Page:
It helps that Tesfaye crafted a stronger-than-usual song. He started off writing it himself—with help from longtime Canadian colleagues Jason “DaHeala” Quenneville and the rapper Belly—but then enlisted grade‑A experts to finish it: the Swedish workshop of 21st-century pop mastermind Max Martin (including Martin’s fellow Swede craftsman Oscar Holter). From its scale-laddering verses to its tension-filled chorus, the song exhibits the polish and “melodic math” for which Martin is renowned. This is the first I’ve mentioned the mighty Martin in this series in four years, as “Blinding Lights” breaks an anomalous dearth of No. 1 hits for him as a writer-producer, after the 2016 Justin Timberlake smash “Can’t Stop the Feeling!” Since Max broke in the late ’90s alongside Britney Spears, he has had only two fairly brief multiyear fallow periods, and both were chart cycles dominated by hip-hop: the early-mid ’00s (Martin could not compete with the likes of 50 Cent and Lil Jon) and the late ’10s (the age of Drake and Post Malone). The Weekend is pretty much the only artist classed (broadly) as R&B that Martin scores big hits with, so it figures that Tesfaye would be the vehicle to break the hit-maker’s latest drought—although the charts’ swing back to pure pop over the past year didn’t hurt his prospects, either. For my fellow pop nerds keeping score, “Blinding Lights” pushes Martin’s career total ever closer to the Beatles trifecta of producer George Martin and songwriters John Lennon and Paul McCartney: Billboard reports he’s two away from tying Sir George, three away from Lennon, and nine away from McCartney.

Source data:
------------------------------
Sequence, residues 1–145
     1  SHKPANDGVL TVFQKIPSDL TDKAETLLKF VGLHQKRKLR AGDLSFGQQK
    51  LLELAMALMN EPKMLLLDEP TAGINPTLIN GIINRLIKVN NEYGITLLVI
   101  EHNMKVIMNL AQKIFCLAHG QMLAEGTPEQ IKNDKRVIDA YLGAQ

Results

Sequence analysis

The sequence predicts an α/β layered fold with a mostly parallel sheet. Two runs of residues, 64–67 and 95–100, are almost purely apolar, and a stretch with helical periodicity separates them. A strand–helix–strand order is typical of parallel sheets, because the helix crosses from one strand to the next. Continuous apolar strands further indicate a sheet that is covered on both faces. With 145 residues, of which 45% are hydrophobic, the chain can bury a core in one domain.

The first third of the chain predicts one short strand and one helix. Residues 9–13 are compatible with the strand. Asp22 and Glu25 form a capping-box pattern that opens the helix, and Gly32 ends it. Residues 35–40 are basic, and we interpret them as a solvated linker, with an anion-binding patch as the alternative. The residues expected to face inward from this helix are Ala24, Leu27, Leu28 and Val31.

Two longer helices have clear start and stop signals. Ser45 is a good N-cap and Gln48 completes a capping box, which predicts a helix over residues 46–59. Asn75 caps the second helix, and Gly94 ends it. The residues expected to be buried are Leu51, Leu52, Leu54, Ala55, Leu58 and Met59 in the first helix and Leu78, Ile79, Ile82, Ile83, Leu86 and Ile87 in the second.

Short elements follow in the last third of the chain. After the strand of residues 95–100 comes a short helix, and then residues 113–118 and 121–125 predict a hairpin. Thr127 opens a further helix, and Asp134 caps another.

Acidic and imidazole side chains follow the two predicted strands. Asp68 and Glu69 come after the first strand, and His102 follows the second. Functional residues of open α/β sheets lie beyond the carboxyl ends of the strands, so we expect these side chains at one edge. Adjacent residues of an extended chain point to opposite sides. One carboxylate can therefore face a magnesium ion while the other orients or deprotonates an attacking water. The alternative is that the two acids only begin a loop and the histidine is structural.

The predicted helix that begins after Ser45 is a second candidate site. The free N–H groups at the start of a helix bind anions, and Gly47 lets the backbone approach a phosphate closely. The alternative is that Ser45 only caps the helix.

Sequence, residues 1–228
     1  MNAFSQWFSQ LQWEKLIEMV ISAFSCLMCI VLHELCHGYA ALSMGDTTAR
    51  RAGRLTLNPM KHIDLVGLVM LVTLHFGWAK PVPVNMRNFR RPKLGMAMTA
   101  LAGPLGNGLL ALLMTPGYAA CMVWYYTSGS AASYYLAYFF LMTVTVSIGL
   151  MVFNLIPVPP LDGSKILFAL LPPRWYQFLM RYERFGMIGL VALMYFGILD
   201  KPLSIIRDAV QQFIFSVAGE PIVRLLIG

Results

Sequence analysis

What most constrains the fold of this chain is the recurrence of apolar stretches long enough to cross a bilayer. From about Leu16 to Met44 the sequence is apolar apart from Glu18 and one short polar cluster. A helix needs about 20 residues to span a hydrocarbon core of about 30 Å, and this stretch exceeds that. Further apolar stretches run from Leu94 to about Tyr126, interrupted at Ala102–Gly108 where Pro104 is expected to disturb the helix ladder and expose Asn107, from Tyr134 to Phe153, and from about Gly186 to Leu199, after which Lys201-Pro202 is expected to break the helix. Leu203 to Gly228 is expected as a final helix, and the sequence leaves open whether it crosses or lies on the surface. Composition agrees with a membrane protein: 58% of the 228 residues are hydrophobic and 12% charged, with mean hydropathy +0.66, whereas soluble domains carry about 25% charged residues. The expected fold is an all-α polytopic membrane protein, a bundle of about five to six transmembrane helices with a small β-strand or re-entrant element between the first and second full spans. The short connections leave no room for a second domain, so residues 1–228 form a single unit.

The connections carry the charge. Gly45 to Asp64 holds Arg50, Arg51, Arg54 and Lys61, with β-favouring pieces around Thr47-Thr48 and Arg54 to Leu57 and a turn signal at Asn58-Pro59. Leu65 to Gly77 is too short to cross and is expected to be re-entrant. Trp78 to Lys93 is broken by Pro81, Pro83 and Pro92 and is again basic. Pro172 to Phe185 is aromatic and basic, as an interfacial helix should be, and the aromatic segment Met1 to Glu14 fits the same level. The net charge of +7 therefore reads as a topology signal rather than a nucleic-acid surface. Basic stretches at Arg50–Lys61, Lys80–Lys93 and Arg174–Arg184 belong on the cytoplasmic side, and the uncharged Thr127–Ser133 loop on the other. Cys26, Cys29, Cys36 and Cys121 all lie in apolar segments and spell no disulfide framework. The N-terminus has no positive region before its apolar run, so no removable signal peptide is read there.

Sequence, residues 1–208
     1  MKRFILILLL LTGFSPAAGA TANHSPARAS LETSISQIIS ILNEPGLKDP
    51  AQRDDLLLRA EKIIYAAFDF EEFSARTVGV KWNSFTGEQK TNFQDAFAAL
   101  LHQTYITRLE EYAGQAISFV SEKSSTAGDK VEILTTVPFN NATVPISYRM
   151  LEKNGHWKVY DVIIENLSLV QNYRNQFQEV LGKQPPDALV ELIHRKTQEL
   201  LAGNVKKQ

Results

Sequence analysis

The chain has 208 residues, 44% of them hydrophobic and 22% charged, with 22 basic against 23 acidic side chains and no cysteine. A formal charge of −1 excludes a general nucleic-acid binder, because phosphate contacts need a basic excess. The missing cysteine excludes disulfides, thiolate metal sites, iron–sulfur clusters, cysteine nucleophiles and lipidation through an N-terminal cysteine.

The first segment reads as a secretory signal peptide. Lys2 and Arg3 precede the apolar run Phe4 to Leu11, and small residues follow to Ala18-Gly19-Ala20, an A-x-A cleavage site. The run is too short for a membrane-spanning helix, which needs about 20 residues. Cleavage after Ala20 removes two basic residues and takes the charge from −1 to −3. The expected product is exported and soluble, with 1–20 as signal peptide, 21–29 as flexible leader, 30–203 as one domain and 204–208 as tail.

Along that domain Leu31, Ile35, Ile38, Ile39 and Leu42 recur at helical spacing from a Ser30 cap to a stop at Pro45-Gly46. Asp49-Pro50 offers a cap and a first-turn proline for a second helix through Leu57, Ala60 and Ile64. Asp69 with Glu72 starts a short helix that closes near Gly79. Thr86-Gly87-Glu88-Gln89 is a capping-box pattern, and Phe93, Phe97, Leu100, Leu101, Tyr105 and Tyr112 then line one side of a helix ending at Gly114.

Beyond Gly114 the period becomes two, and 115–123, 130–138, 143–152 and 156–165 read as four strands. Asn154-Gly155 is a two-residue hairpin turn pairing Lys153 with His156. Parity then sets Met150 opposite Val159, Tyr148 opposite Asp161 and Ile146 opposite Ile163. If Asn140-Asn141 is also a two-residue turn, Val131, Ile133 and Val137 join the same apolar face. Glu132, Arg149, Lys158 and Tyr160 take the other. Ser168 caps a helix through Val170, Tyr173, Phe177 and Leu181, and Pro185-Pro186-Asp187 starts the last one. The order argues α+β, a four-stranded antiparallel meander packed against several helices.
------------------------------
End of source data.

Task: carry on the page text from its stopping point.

Maybe the sumptuous “Blinding Lights” would’ve been a hit at any time of year. But finally, it was its irresistible synth hook that made it—folks, you knew this was coming—TikTok-able, the chart-topping linchpin of our moment. A predictably hashtagged #BlindingLightsChallenge picked right up where the Roddy Ricch-inspired series of “eee err” TikTok videos left off. Taking over social media just as we all began social distancing, the challenge comes complete with its own dance: a tightly controlled, ’80s-derived, arm-pumping and swinging-kicks routine—picture Molly Ringwald in The Breakfast Club—that can be done either solo or, preferably, in formation with the small group of family members or fellow hospital workers with whom you’re sharing quarantine.